Diaper dye dermatitis
Department of Medicine, Division of Dermatology
*Allergens; Child, Preschool; Coloring Agents; Dermatitis, Allergic Contact; Diaper Rash; Humans; Infant; Male; Patch Tests
Life Sciences | Medicine and Health Sciences
Diaper dermatitis is a common problem in outpatient pediatric office settings. Although most diaper rashes represent a form of contact dermatitis in response to irritants in the diaper environment, other rashes may be the result of an allergen in the diaper. On the basis of clinical examination results for 5 patients and patch testing results for 2 patients, we suspect that the patients demonstrated allergic contact dermatitis in response to the various blue, pink, and green dyes in diapers. Although topically administered corticosteroids are useful in the treatment regimen, the preferred treatment for allergic contact dermatitis in the diaper area is the use of dye-free diapers for allergen avoidance. Patch testing may also be valuable in identifying the allergen, because allergen avoidance is the key to prevention of recurrent disease.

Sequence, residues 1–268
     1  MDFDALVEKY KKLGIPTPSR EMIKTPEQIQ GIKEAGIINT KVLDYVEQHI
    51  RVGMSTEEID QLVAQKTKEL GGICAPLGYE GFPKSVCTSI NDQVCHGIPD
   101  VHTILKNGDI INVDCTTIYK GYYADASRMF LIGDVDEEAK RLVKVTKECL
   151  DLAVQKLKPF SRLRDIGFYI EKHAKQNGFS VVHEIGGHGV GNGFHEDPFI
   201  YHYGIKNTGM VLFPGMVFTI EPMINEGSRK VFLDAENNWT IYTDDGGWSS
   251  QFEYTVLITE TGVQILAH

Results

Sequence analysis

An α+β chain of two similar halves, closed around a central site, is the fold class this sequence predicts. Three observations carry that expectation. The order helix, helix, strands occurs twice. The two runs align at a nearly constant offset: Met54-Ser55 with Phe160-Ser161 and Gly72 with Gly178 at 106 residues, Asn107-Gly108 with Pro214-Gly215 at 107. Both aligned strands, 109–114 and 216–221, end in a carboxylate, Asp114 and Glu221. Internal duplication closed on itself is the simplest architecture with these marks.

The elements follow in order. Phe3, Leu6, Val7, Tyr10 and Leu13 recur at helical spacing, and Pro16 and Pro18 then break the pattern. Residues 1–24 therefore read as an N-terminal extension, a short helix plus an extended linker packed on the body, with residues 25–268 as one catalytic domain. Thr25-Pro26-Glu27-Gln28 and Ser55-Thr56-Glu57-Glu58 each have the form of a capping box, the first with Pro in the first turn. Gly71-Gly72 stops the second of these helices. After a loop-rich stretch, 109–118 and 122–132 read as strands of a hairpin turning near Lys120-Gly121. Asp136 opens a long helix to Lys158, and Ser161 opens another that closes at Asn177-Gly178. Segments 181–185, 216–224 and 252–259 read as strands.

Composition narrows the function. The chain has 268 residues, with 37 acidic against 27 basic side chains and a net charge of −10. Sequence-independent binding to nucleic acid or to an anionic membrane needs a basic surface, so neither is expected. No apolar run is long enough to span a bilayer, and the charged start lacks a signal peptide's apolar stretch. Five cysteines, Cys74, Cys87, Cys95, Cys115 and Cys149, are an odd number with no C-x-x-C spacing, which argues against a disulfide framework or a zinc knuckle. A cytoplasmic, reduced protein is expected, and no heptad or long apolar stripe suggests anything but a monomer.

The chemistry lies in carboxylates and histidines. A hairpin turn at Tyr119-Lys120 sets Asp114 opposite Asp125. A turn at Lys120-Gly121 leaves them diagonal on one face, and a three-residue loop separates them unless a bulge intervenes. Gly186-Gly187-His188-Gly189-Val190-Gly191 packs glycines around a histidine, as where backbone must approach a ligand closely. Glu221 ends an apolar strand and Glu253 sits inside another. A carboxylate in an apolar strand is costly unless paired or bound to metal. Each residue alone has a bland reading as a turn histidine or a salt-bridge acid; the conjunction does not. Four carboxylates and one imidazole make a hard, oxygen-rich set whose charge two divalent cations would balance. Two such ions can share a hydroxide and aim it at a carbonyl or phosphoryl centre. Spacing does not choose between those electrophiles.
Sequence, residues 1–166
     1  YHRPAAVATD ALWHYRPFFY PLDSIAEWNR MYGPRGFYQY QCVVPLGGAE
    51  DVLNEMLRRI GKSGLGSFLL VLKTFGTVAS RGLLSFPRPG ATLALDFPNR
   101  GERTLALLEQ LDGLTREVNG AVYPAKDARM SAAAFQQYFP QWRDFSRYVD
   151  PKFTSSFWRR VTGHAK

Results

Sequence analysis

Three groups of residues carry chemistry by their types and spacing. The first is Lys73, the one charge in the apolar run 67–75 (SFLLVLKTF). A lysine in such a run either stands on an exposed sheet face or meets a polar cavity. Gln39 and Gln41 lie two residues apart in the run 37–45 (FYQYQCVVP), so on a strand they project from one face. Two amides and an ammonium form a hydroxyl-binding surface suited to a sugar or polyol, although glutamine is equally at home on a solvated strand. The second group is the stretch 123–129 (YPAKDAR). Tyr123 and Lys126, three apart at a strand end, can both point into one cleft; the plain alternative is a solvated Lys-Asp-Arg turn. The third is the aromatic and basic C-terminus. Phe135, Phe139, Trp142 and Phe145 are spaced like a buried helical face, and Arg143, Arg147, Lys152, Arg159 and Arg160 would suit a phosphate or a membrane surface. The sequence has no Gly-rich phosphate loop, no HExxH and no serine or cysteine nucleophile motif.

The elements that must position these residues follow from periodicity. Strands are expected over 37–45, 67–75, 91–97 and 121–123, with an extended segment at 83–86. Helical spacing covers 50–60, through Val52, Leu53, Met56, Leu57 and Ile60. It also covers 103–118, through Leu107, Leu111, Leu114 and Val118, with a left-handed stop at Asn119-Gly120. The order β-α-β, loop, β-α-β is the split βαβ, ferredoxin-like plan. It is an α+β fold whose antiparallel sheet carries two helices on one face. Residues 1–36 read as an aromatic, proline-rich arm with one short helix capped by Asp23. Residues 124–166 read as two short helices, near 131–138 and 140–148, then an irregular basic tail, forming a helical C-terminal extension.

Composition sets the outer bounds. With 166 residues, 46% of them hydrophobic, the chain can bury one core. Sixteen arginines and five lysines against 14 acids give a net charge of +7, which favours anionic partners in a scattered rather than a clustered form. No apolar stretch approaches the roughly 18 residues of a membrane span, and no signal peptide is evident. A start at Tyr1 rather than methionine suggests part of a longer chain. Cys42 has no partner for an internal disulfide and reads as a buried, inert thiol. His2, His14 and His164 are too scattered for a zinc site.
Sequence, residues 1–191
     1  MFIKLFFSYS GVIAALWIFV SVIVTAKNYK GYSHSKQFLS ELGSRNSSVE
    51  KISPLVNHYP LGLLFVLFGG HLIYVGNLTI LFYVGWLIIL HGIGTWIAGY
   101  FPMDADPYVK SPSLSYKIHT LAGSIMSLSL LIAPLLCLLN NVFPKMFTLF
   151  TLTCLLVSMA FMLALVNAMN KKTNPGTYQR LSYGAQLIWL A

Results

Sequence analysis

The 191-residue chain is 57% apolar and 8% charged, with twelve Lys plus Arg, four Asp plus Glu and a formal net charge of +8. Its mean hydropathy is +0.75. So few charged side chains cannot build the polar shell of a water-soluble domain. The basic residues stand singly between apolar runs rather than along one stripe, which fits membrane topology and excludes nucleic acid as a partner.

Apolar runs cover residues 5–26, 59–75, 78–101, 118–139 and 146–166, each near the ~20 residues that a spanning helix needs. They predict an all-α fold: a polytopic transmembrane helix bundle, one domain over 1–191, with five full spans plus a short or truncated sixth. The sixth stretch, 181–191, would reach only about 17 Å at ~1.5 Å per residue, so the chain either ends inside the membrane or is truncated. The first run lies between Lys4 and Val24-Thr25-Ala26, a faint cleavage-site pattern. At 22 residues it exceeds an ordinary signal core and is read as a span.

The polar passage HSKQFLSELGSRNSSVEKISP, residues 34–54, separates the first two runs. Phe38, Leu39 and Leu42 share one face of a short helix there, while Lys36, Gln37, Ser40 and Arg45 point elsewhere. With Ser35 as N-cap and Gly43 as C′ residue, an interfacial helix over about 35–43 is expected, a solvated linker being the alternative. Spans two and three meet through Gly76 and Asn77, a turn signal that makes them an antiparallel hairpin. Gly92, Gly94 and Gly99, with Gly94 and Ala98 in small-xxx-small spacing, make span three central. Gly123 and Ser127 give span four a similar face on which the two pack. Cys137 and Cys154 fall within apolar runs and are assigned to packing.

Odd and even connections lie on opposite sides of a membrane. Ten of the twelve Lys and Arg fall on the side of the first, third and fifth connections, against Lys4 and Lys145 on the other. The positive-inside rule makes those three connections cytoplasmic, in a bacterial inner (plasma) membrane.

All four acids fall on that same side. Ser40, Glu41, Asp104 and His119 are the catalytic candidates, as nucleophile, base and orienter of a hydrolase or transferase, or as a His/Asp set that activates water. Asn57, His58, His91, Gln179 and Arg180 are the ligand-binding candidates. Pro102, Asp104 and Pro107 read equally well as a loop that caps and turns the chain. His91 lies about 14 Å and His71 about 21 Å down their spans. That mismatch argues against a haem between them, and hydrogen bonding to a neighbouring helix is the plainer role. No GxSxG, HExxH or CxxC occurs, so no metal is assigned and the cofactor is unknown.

DOI of Published Version
Pediatrics. 2005 Sep;116(3):e450-2. Link to article on publisher's site
Alberta L, Sweeney SM, Wiss K. (2005). Diaper dye dermatitis. Open Access Articles. https://doi.org/10.1542/peds.2004-2066. Retrieved from https://escholarship.umassmed.edu/oapubs/1727